The unusual evolution of the USB Type-C on Android and iOS devices

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© NextPit

The smartphone universe is extremely vast, ranging from the IT process to the microchip, through to a ton of software tools or hardware. Today, I would like to write about the USB-C system, a connector cable that we have been waiting on for many months already. The evolution is different on both Android and iOS, so why not simply make it standard

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What is the USB-C?

The term USB (Universal Serial Bus) is probably familiar for most people as it is used on all computers. It’s a connecting cable that allows you to transfer (data or energy for charging) between two devices using the necessary connectors.

To put it simply, the USB-C is a more modern USB connector and works with different versions of the standard USB (particularly 3.1 and 3.0 but also with others). In other words, it’s a USB cable with a different head which gives it several advantages.

On the one hand, transfers (of data or energy) are completed more quickly than with a classic USB, allowing you (at least in theory) to charge your device faster. On the other hand, as it’s a standard it doesn’t have any Copyright so anybody can produce it. Yet despite it’s obvious advantages, only a few devices have this type of connection.

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Despite all its advantages, the USB-C isn’t very common. © ANDROIDPIT

Why hasn’t it been advanced?

This is not a Copyright problem, as we have explained earlier: anyone can put a USB-C port on their devices. The problem is on another level: why would a manufacturer opt for a USB-C if computers (and/or any other type of peripheral device, such as an external hard drive for example) still use a classic USB? At present, to use it all you would simply need is an adaptor or a normal USB>USB-C cable to be able to connect both devices.

The situation is at a standstill, and things will not change if nobody makes the first move: if some peripheral devices decide to opt for the USB-C, others will need to do the same thing to adapt to the market. Supply and demand, in a way. Of course, it’s still possible to use “hybrid” microUSB > USB-C cables but some problems with quality have been reported. We’ll come back to this later.

Apple has included it on MacBook but not iPhone

Apple’s connection strategy is quite strange, at least at first sight. The new iPhone can only be used with one type of cable: The Lightning cable. Meanwhile, the new MacBook will use the USB-C system. Generally, Apple works with a relatively closed ecosystem in which devices are optimized to work in perfect harmony with one another. This time it didn’t opt for simplicity, as iPhones will not be able to connect to MacBook Pros in the way they could before.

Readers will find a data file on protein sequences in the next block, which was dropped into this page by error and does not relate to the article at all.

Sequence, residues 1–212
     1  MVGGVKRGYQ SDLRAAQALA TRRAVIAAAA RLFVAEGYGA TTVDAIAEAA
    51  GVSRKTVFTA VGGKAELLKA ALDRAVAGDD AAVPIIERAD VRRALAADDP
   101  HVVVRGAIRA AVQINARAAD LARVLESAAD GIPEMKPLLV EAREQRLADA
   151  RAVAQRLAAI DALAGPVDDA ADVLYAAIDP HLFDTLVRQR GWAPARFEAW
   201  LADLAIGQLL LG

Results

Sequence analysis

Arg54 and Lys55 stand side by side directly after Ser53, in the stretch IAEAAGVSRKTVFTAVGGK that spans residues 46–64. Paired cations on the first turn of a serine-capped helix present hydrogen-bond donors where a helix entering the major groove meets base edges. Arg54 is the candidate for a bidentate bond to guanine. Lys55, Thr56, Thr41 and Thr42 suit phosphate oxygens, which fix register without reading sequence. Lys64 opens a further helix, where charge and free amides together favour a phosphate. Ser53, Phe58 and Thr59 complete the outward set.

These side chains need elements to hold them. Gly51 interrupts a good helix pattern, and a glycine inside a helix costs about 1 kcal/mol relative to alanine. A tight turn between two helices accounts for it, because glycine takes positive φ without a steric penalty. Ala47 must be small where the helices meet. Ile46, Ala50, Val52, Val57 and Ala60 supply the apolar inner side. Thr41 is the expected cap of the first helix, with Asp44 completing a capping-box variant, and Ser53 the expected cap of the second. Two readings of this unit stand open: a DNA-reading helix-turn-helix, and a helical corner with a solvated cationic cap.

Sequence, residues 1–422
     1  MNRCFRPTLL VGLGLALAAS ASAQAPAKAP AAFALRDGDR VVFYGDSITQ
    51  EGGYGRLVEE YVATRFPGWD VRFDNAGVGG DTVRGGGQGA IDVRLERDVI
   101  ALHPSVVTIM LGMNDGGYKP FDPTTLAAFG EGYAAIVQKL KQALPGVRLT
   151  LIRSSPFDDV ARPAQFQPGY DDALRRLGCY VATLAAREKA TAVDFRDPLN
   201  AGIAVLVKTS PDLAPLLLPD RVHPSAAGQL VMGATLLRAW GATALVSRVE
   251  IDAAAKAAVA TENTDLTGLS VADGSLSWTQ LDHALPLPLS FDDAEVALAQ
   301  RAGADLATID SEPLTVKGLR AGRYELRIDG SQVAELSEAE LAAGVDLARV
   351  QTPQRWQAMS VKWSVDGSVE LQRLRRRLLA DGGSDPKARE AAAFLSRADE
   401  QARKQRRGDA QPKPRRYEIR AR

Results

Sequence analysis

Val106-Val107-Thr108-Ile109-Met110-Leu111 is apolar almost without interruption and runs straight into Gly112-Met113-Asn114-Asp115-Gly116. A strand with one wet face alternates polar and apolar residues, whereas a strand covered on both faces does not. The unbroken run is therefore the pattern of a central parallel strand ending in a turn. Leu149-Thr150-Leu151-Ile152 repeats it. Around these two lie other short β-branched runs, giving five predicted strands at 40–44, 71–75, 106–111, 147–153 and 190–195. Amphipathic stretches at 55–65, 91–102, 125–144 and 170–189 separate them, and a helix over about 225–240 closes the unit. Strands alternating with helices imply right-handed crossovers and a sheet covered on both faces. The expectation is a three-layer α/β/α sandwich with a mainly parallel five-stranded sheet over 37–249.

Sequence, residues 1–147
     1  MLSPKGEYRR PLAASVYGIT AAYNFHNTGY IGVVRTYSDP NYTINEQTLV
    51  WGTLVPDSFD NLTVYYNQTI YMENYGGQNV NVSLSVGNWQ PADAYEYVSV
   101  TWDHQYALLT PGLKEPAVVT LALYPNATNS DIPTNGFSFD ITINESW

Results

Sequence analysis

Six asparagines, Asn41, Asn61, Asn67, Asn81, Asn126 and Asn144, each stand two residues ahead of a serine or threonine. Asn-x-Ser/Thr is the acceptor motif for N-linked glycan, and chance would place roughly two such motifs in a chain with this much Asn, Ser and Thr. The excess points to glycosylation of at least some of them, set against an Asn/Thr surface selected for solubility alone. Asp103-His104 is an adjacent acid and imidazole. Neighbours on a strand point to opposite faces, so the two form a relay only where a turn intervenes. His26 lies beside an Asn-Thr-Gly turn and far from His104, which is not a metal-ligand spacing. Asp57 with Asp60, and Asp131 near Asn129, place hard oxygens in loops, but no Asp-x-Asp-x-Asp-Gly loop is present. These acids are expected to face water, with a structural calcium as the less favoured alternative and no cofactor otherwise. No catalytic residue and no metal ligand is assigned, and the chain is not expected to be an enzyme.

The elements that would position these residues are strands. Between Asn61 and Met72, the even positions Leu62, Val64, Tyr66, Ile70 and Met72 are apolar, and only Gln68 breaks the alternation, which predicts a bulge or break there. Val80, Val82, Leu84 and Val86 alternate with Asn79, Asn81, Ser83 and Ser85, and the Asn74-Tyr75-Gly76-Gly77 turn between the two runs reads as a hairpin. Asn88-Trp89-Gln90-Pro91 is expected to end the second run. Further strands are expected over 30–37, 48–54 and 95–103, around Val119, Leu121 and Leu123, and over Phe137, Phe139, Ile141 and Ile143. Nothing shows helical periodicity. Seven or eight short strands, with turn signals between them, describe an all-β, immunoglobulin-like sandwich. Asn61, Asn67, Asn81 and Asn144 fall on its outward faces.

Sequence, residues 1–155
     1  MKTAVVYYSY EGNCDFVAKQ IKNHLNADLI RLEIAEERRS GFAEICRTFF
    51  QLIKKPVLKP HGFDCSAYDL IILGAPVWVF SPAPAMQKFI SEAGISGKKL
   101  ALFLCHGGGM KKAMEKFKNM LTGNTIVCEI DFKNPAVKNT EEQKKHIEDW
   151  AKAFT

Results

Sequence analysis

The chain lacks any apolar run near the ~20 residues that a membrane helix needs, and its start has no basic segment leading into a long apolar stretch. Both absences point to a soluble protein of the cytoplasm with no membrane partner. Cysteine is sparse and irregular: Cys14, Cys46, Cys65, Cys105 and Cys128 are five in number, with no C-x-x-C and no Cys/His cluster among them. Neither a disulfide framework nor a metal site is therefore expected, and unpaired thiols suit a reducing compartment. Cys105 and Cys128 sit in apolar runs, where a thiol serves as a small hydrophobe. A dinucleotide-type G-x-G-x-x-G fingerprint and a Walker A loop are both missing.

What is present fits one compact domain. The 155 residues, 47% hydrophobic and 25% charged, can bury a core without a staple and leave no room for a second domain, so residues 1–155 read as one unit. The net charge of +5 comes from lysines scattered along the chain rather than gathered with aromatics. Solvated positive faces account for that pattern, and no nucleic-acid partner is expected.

If you want to connect your iPhone to your new MacBook, you’ll either have to purchase an adaptor from Apple’s store for $19 or just simply buy a new cable. That said, Apple obviously not made this decision just for this reason. It’s visionary side perhaps pushed it to believe in the USB-C: it will become a standard eventually (yes, we have been saying this for a while since but it’ll happen little by little).

Even though it annoys me somewhat, I think that Apple knows how to set trends really well. Perhaps by putting USB-C ports on its computers, it hopes to motivate the industry to do the same. Let’s hope that it won’t recall cables as it has done in the past.

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Apple, Android, the same battle: we want the USB Type-C. © ANDROIDPIT

Development on Android is slow but it’s under way

We’ve been waiting for months to see the USB-C on Android devices. Unfortunately, we’re still waiting, but we can confirm there have been developments as several flagships are opting for this technology: the Google Pixel, the Huawei P9, the Sony Xperia XZ… Samsung had also opted for this technology on their Galaxy Note 7 (which unfortunately ended badly), differing from its other flagships (the Samsung Galaxy S7 and the Samsung Galaxy S7 Edge).

The main problem is that we only find this technology on flagships. To reach the majority of users (and encourage the USB-C’s popularity) it must be introduced into the middle and basic ranges. Following Apple’s example who provide this type of port on their MacBook, Google has included it on its Chromebook. One of Google’s engineers has nevertheless revealed that not all cables of this type are the same and some can even be dangerous, pointing out the OnePlus2 in particular, if you use it on other devices.

To summarize, the USB-C has great potential but turns the established order upside down with a cable that has (had) the reputation of being dangerous - which is a big issue. Manufacturers will obviously tell us that other cables on the market are no good and that we must buy the cables that only they sell… at very high prices. In any event, I think that the USB-C is the future.

Please share your opinions in the comments below and by taking part in the following survey.

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1 Comment

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  • W Jerald Cole Nov 8, 2016 Link to comment

    Although some of the current USB C devices do not follow the full spec, the any-way-up design of the plug will by itself give it some advantages. The increased speed of data and/or charging will keep things moving that way.